Oh, the bills for rent, part vendors, subcontractors, lawyers, accountants, utility bills... Everyone wants his cut. These greedy people! And these dogs, er, I mean customers, were getting more demanding all the time. They kept asking for tastier dog food, while wanting to pay us less and less. I worked day and night to please them. I wanted to kick their ass. These customers started to piss me off just as much as the bureaucrats at megacorps. I quit!
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Old 08-02-2012, 01:23 PM   #26
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Variety is very much the spice of life. Even when you “like” your job, spending 40, 50, 60, 70+ hours per week (plus commuting time) doing any one thing is bland and tasteless; especially compared to the smorgasbord of delectable opportunities that must be forgone for the sake of that job.
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Old 08-02-2012, 02:25 PM   #27
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..... And these dogs, er, I mean customers, were getting more demanding all the time. They kept asking for tastier dog food, while wanting to pay us less and less. I worked day and night to please them. I wanted to kick their ass. These customers started to piss me off just as much as the bureaucrats at megacorps. I quit!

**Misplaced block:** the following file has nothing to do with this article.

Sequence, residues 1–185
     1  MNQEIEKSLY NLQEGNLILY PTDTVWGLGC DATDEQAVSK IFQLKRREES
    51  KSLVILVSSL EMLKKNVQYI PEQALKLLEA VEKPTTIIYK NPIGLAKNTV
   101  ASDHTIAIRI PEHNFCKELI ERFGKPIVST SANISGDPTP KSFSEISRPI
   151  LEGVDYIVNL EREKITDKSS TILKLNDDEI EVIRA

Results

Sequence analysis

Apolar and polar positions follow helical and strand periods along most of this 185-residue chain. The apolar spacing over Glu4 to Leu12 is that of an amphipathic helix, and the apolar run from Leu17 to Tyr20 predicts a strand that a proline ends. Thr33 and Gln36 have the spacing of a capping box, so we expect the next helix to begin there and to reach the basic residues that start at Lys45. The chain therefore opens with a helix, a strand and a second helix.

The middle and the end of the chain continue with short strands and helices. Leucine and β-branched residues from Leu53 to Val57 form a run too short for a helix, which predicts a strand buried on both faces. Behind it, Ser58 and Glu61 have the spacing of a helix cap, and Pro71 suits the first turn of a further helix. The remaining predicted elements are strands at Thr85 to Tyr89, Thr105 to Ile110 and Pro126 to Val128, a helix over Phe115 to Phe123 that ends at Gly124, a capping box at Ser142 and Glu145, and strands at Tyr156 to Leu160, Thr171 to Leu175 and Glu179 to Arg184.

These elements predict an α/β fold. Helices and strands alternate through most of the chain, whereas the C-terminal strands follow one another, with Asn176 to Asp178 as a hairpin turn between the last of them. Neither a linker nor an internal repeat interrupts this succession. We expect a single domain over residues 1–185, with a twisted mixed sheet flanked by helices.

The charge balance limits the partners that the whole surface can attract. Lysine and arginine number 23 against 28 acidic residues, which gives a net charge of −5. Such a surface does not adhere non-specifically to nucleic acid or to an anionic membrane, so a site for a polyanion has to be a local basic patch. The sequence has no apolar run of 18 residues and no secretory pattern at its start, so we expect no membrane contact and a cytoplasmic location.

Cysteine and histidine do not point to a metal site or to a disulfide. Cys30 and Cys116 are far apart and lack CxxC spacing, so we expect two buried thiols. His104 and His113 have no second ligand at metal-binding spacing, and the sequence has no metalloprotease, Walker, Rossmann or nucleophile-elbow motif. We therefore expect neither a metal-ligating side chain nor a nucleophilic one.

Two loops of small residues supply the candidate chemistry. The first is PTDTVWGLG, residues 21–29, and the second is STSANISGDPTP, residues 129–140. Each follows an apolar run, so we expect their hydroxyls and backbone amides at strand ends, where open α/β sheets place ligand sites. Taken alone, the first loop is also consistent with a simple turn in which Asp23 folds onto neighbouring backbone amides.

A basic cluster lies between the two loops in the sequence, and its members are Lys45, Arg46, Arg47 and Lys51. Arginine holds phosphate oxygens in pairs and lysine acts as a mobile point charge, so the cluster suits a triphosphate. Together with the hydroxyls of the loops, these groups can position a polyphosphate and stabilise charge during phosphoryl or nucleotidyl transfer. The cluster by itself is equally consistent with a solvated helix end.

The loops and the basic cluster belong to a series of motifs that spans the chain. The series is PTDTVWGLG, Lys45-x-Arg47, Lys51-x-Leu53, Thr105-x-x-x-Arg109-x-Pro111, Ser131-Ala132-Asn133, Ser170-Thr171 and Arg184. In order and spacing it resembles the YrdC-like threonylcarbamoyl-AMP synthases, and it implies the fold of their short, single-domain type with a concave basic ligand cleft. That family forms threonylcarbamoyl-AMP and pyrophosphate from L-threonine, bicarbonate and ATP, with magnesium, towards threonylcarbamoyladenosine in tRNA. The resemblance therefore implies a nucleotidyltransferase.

I was struggling to compose my response when I read yours and decided that you very eloquently and accurately summarized my own reasons.

I love my job, I really do. And the pay is phenomenal. But you get to the point where the frustration and stress simply aren't worth it anymore, and I am so tired of a client base that will never appreciate the behind-the-scenes efforts involved in providing the high level of service they currently get at below-market rates, yet they continue to beat us up over it. Not all of them, but enough of them to make us realize that there will always be that challenge.

So personally, I'm looking forward to the day that I no longer compare every personal experience in my life to the services I provide my clients and struggle with why they aren't happy to pay more instead of constantly whining to pay less.
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Old 08-02-2012, 02:58 PM   #28
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In my case, the pay was never phenomenal, and in fact was way, way below my salary at megacorps on a per-hour basis. But we kept saying that things would get better. It was OK for a while, but our business was in a high-tech field that was fast evolving, and we needed to constantly redesign to keep up with competition. Thought we were smarter and had a better initial design, but they were bigger and had more resources. We could not continue to fund new developments if we were barely able to pay bills, and the founding members of the business including myself worked for free for a while at the end.